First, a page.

Can Running Shoes Hurt Your Feet?

One big way traditional running shoes hurt your feet is the narrow, constraining, inflexible fit severely limits widespread functional engagement of the feet. This is why ongoing use of these shoes eventually weakens the foot’s muscles, tendons, soft tissues and bones, and also contributes to flatten, inefficient arches!

Worse still, these deficiencies of the feet are also directly involved in causing over-pronation, meaning the back of the foot is more likely to shift into extreme, over-straining positions which also causes mechanical displacements up the leg during running, and is known to cause foot, shin, knee and hip injuries.

Can Running Shoes Hurt Your Feet?
Flat feet indicates poor foot strength, and is a precursor for foot over-pronation. Weak feet and collapsed arches co-evolve with long-term use of conventional running shoes, especially with stability elements, which repress the engaging activity of the foot’s bones, muscles, soft tissues, and especially the arch. When the foot’s muscles and arch are weak, they lose their ability to control pronation, resulting in over-pronation, which is abnormal foot motions and postures during the touchdown and stance phases of running. This leads to tissue and muscular over-strain of the foot as well as increases in torsional and rotational stress on the ankle, knee and hip, and is essentially a major hotbed for injury.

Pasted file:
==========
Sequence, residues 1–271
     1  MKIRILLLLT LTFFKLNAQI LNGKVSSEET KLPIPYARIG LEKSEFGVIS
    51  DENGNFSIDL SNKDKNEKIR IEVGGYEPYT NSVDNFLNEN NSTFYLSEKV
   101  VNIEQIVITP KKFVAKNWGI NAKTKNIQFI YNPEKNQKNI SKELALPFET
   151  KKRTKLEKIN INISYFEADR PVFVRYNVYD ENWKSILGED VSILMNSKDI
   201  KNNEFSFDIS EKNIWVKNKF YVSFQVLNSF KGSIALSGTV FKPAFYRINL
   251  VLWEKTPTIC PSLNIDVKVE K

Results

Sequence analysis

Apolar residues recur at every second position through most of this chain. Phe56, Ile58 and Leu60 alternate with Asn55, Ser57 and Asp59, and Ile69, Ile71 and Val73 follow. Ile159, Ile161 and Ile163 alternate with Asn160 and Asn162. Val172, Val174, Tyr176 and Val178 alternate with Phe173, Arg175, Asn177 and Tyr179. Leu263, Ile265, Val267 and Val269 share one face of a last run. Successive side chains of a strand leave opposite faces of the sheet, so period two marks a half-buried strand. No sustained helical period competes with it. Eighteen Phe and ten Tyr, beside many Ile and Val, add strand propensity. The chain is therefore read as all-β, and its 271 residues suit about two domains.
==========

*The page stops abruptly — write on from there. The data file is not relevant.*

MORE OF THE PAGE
Bottom line, running with weak feet is not the way to get you out of injury proneness. In fact, to give you an eye-opening understanding of how quickly foot health deteriorates in conventional running shoes, a 2013 study in the journal, Foot and Ankle Research, found that runners in arch supportive, thickly cushioned running shoes showed reduced arch height immediately after a long run!

The researchers underscored that poor foot strength causes frequent negative changes in arch height profile upon weight-bearing activities and results in poor weight-bearing responses of the foot. In other words, when the feet are weak, the more difficult it is for the arch to be upheld and contribute to footstep stability, the more likely the feet are to injure under normal loading conditions.